Short Stories, Irish literature, Classics, Modern Fiction, Contemporary Literary Fiction, The Japanese Novel, Post Colonial Asian Fiction, The Legacy of the Austro-Hungarian Empire and quality Historical Novels are Among my Interests

Wednesday, July 3, 2013

The Irish Story Telling Tales and Making It Up In Ireland by R. F Foster (2001)

R. F. Foster is the author of numerous books on Irish history and literature.   He might well be Ireland's highest regarded contemporary historian.   Years ago I read his magisterial two volume biography of William Butler Yeats.   The Irish Story Telling Tales and Making It Up In Ireland is in part a collection of separately published essays but Foster has shaped them into a unified book that anyone seriously into Irish literature and history should read.  

My readings of Irish literature have been greatly influenced by Declan Kiberd's post colonial interpretation of Irish literature which is in turn very much dependent on the ideas of Franz Fanon from The Wretched of the Earth.  Foster treats, as everyone does, Kiberd with great respect but he helped me see there is more to Irish literature than a working out of the very real social and psychological consequences of five hundred years of colonial rule.   Not surprisingly, Foster sees Yeats as the seminal figure in Irish literature.   Joyce in Dubliners caught the trapped feeling of the lives of the ordinary people in Dublin.  His grim realism has cast a long shadow.  His longer works, especially Ulysses, have had, per Foster and Kiberd supports this, a more international impact than Irish.   

The Irish impact of Yeats is very complicated and Foster helped me understand this.   I am already starting to see in my exploration of Irish poetry that much contemporary work is in rebellion against Yeats or in his shadow.  Foster listed many Irish poets whom I hope to read one day.  Much of contemporary Irish literature is an exploration of the world beyond the theme park interpretation of Irish history that Foster talks about so brilliantly.  

One common link I have found in the Irish literary works I have read is a deep concern about what it means to be Irish.   I do not find in the short stories of Japan, England, America or the Philippines anything even close to this concern about national identity.  Kiberd and his disciples would see this, and I am not saying they are wrong, as a legacy of Colonialism.  Foster helped me see deeper into this.   He talks about why there are very few 19th century great Irish novels.  His answer does include the obvious social factors but he allowed me to see that Irish literary identity was being forged in major historical narratives,not novels.   This is fairly unique to Irish culture.   

On a recent visit to Ireland with Max u, I saw what Foster means when he talks of Irish history being turned into a theme park,indeed the whole country, to attract tourists.   Foster has thought deeply about the nature of historical narratives and his remarks were very illuminating. One cannot get away from the stage Irishman and Foster talks about this in a very interesting fashion.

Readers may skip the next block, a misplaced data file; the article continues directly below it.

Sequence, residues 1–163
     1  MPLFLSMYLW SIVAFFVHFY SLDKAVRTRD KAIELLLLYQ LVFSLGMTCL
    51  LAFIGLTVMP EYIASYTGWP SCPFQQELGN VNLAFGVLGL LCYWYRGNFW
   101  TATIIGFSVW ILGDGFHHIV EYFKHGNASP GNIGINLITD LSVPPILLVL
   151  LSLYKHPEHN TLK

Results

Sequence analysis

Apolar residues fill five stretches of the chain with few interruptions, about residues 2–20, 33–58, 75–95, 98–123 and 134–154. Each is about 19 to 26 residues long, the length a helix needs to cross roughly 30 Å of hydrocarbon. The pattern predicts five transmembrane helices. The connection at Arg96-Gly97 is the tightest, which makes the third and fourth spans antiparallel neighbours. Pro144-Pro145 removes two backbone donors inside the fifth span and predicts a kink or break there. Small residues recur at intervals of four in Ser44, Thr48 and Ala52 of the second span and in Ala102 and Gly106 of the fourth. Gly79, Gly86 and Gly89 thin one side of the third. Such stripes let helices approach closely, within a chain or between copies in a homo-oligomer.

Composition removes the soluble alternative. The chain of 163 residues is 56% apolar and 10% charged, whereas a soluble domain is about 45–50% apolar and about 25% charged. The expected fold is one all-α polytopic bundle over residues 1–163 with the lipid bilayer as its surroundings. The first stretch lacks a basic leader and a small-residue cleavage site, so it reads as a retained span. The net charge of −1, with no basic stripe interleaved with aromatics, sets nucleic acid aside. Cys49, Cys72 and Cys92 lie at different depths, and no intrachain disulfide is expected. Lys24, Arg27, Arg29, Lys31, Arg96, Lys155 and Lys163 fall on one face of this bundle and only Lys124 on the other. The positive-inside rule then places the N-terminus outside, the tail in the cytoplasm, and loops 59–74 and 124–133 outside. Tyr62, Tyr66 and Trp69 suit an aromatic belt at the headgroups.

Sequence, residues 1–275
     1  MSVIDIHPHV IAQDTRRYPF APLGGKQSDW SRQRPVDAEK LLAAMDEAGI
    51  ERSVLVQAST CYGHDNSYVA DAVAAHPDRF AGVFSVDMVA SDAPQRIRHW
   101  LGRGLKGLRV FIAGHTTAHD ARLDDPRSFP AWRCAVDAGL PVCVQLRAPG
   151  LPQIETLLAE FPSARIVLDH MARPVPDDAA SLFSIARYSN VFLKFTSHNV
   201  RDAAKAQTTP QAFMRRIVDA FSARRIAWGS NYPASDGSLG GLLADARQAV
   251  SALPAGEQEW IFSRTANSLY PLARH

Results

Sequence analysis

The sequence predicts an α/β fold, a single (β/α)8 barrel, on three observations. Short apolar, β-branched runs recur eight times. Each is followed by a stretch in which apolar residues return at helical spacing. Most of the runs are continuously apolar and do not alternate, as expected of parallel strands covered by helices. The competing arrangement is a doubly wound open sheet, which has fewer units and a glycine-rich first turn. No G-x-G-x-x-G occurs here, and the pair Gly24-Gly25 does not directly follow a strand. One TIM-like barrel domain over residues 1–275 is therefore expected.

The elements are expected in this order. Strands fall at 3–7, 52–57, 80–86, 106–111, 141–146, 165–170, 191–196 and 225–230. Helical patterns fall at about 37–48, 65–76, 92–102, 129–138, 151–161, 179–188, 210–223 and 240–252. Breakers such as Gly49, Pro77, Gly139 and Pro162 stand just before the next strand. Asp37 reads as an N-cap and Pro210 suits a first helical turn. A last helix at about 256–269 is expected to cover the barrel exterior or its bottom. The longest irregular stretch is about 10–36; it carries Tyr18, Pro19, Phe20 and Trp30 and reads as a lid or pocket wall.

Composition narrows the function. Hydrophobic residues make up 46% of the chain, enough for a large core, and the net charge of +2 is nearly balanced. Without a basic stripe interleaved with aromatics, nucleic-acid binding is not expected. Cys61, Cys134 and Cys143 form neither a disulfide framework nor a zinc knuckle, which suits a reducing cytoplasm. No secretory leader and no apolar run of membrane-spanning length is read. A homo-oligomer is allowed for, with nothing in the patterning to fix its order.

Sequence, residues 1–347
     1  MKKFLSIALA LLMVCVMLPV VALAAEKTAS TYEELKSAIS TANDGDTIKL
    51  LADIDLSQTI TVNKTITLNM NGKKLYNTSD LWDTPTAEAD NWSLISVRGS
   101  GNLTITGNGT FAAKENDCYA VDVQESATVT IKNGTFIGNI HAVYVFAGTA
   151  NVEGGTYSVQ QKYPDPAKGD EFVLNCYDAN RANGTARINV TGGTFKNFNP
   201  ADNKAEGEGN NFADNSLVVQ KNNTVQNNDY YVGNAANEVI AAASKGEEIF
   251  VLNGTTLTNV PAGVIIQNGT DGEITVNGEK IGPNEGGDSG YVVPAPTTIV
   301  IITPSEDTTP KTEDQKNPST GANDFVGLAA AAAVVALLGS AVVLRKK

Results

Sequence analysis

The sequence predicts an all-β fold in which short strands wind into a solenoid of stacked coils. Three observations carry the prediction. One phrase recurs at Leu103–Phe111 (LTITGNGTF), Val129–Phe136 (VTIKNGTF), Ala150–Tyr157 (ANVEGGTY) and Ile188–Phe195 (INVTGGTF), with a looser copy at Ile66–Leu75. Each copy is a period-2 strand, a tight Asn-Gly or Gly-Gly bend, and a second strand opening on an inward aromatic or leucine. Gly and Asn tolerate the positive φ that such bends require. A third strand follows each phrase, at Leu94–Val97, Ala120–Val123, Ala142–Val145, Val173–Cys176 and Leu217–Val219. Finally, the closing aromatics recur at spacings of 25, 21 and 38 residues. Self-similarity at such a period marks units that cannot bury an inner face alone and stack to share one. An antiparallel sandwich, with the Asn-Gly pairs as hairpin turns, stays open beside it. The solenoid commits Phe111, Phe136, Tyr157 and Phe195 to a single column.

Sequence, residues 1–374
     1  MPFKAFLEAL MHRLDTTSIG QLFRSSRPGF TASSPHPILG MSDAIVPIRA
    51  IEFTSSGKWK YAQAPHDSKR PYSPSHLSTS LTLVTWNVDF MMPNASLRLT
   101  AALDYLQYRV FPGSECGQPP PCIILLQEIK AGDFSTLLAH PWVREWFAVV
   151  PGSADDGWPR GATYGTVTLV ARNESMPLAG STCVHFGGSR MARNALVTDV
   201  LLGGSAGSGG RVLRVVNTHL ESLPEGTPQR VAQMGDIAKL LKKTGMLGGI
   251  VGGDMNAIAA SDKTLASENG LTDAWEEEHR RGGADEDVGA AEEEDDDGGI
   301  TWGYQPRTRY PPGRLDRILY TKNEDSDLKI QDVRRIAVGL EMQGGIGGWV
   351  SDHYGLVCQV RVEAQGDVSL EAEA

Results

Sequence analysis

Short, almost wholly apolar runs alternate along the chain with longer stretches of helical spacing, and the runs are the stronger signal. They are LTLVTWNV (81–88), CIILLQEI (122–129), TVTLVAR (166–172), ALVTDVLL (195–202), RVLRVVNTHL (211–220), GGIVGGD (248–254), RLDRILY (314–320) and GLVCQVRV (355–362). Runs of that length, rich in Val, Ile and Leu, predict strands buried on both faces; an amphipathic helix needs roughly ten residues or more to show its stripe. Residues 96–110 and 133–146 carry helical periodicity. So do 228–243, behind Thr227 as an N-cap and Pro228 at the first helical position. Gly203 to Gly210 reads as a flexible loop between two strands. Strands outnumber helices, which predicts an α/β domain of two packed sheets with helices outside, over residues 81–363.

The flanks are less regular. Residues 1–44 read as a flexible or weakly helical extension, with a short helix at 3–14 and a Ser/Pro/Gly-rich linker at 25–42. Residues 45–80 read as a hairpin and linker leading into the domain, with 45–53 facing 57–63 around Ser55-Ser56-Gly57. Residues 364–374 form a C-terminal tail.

He has a very interesting chapter on one of my literary crushes, Elizabeth Bowen.  Because of her Anglo Irish aristocratic roots, her support of England during WWII (she was an air raid warden in London during the worst years of the war), and her years lived in England some people like to dismiss her as "not really Irish".   Foster completely debunks this and shows the deep Irish roots of Bowen.  I found his remarks on Bowen as a writer about childhood very insightful and changed my perceptions.  If you want to deepen your understanding of Bowen, I highly recommend you read Foster's chapter on her "Prints on the Scene - Elizabeth Bowen and the Landscape of Childhood".   

Foster also talks a good bit about William Carleton.    I was gratified to see he considered a work of Carleton I greatly admire, The Black Prophet as among his very best work.   He also talked about Maria Edgeworth.   One of my favorite older Irish writers is Joseph Sheridan Le Fanu and Foster motivated me want to read his Uncle Silas.  

There also observations about Oscar Wilde, George Bernard Shaw, a chapter devoted to Anthony Trollope's writings  on Ireland, a dissection of contemporary best sellers about Irish childhood such as those by Garry Adams and Frank McCourt, Herbert Butler ( a new to me author) and the history of the treatment of the rebellion of 1798.  

Foster talks a lot about "the job" of the historian and how historical narratives are created.  He writes in an elegant style, he admires greatly the British parliamentary historian,Lewis Napier, as do I.  The boundary between fiction and history is blurred and Foster writes well on this.   If you think you can explain the difference between a work of fiction and a historical narrative, good luck.  

I found this book a great pleasure to read and it motivated me strongly to dig deeper into  Irish literature and history.   


Robert Fitzroy Foster FBA FRHistS FRSL (born 16 January 1949) - generally known as Roy Foster - is the Carroll Builders Professor of Irish History at Hertford College, Oxford in the UK.

Mel u


@parridhlantern said...

I can definitely see a lot of modern Irish lit as being an escape from the clichéd image of what is Irish and as such would be a reaction against older writers such as WB. But as to identity I'm not so sure it is just an Irish thing
as I believe for example a lot of Japanese literature is in some way a reaction against the idealised image of Japan or is a clash between Japan's samurai/geisha image & it's more modern cyberpunk image.

Mel u said...

Parrish-very good insight-I see modern Japanese literature as a reaction to the incredible impact of their defeat in WWII.